INTENSIVE MANAGEMENT OF MOOSE AT HIGH DENSITY: IMPEDIMENTS, ACHIEVEMENTS, AND RECOMMENDATIONS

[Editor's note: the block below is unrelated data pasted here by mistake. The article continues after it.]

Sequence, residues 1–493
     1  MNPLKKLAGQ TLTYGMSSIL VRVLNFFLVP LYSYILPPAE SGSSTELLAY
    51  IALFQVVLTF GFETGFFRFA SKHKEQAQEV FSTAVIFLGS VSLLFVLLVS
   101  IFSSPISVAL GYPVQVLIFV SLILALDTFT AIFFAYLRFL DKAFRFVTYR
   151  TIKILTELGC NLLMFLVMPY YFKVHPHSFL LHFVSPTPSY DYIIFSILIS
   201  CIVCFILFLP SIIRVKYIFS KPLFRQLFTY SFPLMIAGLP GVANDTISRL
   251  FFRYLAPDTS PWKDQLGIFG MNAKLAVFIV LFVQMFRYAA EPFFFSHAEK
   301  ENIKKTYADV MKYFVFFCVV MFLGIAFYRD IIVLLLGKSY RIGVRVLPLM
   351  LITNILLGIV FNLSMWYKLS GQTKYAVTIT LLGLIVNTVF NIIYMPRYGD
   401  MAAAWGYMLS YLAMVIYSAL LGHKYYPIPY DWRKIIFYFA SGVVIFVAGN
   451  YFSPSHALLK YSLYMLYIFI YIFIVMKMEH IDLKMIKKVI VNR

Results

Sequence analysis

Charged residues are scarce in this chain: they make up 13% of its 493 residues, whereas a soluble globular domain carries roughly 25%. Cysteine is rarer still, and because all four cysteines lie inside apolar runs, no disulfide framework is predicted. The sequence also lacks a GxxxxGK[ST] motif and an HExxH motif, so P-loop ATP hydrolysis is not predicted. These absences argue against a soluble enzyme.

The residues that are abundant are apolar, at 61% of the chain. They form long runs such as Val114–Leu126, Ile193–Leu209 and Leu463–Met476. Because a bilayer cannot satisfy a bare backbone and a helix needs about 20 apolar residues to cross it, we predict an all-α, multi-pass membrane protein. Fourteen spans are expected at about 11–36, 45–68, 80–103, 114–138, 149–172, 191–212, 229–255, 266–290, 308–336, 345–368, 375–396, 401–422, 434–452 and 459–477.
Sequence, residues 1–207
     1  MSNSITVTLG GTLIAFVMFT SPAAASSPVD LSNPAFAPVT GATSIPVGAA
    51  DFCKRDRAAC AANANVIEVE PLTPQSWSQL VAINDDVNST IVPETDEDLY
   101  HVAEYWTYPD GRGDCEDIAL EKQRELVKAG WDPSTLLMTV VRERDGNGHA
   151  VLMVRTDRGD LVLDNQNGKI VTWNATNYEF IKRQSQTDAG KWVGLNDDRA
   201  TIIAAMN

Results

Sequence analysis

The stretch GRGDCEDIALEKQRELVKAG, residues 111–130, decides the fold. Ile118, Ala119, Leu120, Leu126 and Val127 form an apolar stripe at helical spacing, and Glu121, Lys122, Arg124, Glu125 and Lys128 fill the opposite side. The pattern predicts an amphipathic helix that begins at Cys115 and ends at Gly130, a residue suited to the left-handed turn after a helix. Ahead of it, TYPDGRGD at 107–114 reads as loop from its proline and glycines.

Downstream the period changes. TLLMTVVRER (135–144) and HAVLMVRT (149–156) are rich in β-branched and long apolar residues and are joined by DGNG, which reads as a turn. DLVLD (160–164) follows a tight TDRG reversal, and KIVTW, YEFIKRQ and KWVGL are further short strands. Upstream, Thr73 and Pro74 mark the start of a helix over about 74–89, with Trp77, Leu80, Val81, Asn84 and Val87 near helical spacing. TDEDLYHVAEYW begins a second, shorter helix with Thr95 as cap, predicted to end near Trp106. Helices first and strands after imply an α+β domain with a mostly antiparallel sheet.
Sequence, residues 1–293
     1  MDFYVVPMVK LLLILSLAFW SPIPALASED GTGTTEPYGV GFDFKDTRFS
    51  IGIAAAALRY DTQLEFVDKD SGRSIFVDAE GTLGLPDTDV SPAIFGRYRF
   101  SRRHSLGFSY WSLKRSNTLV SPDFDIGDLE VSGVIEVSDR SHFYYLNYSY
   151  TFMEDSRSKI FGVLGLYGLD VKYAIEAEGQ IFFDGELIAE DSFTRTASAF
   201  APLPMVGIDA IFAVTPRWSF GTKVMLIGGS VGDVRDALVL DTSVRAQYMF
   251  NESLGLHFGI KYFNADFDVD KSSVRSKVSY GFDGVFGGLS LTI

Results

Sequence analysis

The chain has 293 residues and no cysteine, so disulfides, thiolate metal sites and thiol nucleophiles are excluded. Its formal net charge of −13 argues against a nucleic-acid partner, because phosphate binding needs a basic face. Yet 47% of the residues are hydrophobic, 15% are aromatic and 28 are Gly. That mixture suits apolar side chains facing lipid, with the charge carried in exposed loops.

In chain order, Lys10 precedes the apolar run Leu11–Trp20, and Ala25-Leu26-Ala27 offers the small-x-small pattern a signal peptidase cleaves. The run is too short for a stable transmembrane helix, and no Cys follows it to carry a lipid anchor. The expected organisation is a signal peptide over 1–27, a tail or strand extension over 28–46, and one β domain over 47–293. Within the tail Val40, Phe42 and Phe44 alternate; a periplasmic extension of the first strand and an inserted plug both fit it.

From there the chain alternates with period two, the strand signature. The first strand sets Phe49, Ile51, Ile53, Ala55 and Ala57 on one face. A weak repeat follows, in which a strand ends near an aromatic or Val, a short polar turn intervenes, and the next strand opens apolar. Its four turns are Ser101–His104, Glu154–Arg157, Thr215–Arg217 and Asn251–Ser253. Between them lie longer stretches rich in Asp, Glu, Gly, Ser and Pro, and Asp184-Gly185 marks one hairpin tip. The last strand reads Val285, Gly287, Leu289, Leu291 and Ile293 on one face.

In 1994, the Alaska Legislature passed legislation directing the Board of Game to identify big game prey populations where “intensive management” (IM) would be used to attain and sustain high levels of harvest. The IM law specifically provides for active management of predators and habitat, but fails to mention that antlerless hunts are key to achieving high levels of harvest. We discuss IM for moose in Game Management Unit (GMU) 20A through 2005, because GMU 20A has a unique history of predator management and currently supports the highest moose density for any equivalent-sized area in Alaska. Moose numbers in GMU 20A exceeded the IM population objectives beginning in 1999, but the IM harvest objectives were not met during 2002-2005. We identified the following impediments to achieving IM harvest objectives in GMU 20A: (1) negative public attitude toward antlerless moose hunts; (2) local citizen advisory committees have veto power over antlerless hunts; (3) bull:cow ratios are difficult to maintain when harvests are restricted largely to bulls; (4) access issues, including spatial and temporal distribution of the harvest; (5) social issues including local-non-local hunter conflicts, hunter-landownder conflicts, and illegal harvest; and (6) insufficient funding for research programs, management activities, and public education. Despite these impediments, liberal antlerless harvests were sufficient in 2004 and 2005 to halt moose population growth and attain high levels of harvest; annual harvests reached the highest levels recorded for GMU 20A. To facilitate the management of high-density moose for high levels of harvest, we recommend: (1) elimination of advisory committee veto power over antlerless hunts; (2) greater flexibility by the Alaska Department of Fish and Game (ADF&G) to implement and manage antlerless hunts; (3) close monitoring of hunting-related social issues; (4) ADF&G authorization to initiate prescribed burns; and (5) increased funding for management activities, research programs, and public education.
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